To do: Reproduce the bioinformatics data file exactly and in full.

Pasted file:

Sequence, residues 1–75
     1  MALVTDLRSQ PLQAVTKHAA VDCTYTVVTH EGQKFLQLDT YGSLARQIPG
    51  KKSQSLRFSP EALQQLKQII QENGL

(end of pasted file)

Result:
Sequence, residues 1–75
     1  MALVTDLRSQ PLQAVTKHAA VDCTYTVVTH EGQKFLQLDT YGSLARQIPG
    51  KKSQSLRFSP EALQQLKQII QENGL